School = {EECS Department, University of California, Berkeley},
    Year = {2008},
    Month = {Aug},
    URL = {http://www.eecs.berkeley.edu/Pubs/TechRpts/2008/EECS-2008-95.html},
    Number = {UCB/EECS-2008-95},
    Abstract = {Transistor scaling has been the driving force for technology advancements in the semiconductor industry over the last few decades. In order to mitigate short channel effects, the gate-oxide thickness and source/drain junction depth have been scaled along with the gate length. Recently, however, gate-oxide thickness scaling has slowed, as evidenced by the fact that an equivalent oxide thickness (EOT) of ~1 nm has been used for the past 2-3 generations of CMOS technology. Although significant progress has been made in the development of high-permittivity (high-k) gate-dielectric materials and metal gate technology in recent years, it will be difficult to scale EOT well below 1 nm. This makes junction-depth scaling even more pressing for continued transistor scaling. Furthermore, as the dimensions of MOSFETs are scaled down, the contact resistance of silicide-to-source/drain regions increasingly limits transistor performance. This is because the on-state resistance of a MOSFET drops with transistor scaling, whereas contact resistance increases with contact area scaling. Contact resistance increases exponentially with Schottky barrier height (SBH) of the silicide-to-semiconductor contact. Thus, lower values of SBH will be needed in order to achieve substantial performance improvements with transistor scaling in the future. In practice, fermi-level pinning makes it especially difficult to attain low values of SBH for metal (silicide) contact to n-type silicon. This dissertation addresses the aforementioned scaling challenges associated with the design of source/drain structures for sub-45 nm CMOS generations. 

Firstly, the progress made towards the formation of ultra-shallow junctions with the help of advanced annealing techniques, low-energy implants, and GCIB doping is presented. The experimental results obtained with flash annealing indicate that it is possible to achieve sub-15 nm junctions with lower sheet resistance (~1000 Ω/sq.), adequate for 32 nm CMOS technology. 
 
Since high-k/metal-gate stacks are already used in the most advanced 45 nm CMOS technology today, it is important to assess the compatibility of flash annealing with high-k/metal-gate stacks. The process integration of high-k/metal-gate stacks with flash annealing is discussed next. It is shown that the flash annealing process has minimal effects on gate stack properties and is found to be compatible with the high-k/metal-gate stacks. However, it results in degraded interface quality which is improved by using a post-metallization anneal.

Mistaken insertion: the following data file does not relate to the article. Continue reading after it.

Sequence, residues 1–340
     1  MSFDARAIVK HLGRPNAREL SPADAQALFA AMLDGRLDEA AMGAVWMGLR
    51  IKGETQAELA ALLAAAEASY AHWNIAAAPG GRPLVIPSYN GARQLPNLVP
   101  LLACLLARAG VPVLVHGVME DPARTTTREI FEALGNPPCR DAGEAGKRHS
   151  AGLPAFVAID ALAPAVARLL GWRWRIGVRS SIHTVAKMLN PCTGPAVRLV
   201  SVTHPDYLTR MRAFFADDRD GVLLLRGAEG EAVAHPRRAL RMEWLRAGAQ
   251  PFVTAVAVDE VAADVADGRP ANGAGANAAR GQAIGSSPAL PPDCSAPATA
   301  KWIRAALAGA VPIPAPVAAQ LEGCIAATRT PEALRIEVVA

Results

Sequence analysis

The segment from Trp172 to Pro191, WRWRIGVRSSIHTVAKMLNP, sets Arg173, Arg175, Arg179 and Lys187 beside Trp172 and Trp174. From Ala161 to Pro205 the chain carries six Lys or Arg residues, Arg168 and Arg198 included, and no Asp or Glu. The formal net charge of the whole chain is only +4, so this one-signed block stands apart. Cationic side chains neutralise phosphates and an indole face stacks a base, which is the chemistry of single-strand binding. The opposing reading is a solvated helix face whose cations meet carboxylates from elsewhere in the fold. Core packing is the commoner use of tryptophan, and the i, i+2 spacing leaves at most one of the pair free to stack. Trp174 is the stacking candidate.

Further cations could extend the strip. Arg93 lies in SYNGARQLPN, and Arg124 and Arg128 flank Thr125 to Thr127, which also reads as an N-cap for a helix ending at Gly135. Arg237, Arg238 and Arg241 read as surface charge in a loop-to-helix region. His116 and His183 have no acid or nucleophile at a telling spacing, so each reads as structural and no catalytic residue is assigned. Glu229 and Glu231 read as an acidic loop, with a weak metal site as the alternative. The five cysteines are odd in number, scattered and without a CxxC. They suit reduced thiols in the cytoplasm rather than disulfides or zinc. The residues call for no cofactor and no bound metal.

To reduce the effective SBH of silicide-to-semiconductor contact, various species (nitrogen, fluorine, sulfur and selenium) are studied. These species were implanted into the semiconductor, and then piled up at the silicide-semiconductor interface during the silicidation process. It is shown that significant SBH lowering (by as much as 0.37 eV) can be achieved on n-type silicon using nitrogen. The impact of this process on the properties of NiSi is assessed and the mechanism of SBH reduction is explained. Encouraging results are also obtained with sulfur and selenium, and a comparison of effective SBH reduction is made for all studied species. Finally, material properties of nickel germanide formed on epi-Ge on Si substrate are studied to form low-resistance and thermally stable contact material for realizing highly-scaled high-performance technology based on Ge-channel MOSFETs.}
}

EndNote citation:

%0 Thesis
%A Kalra, Pankaj
%T Advanced Source/Drain Technologies for Nanoscale CMOS
%I EECS Department, University of California, Berkeley
%D 2008
%8 August 15
%@ UCB/EECS-2008-95
%U http://www.eecs.berkeley.edu/Pubs/TechRpts/2008/EECS-2008-95.html
%F Kalra:EECS-2008-95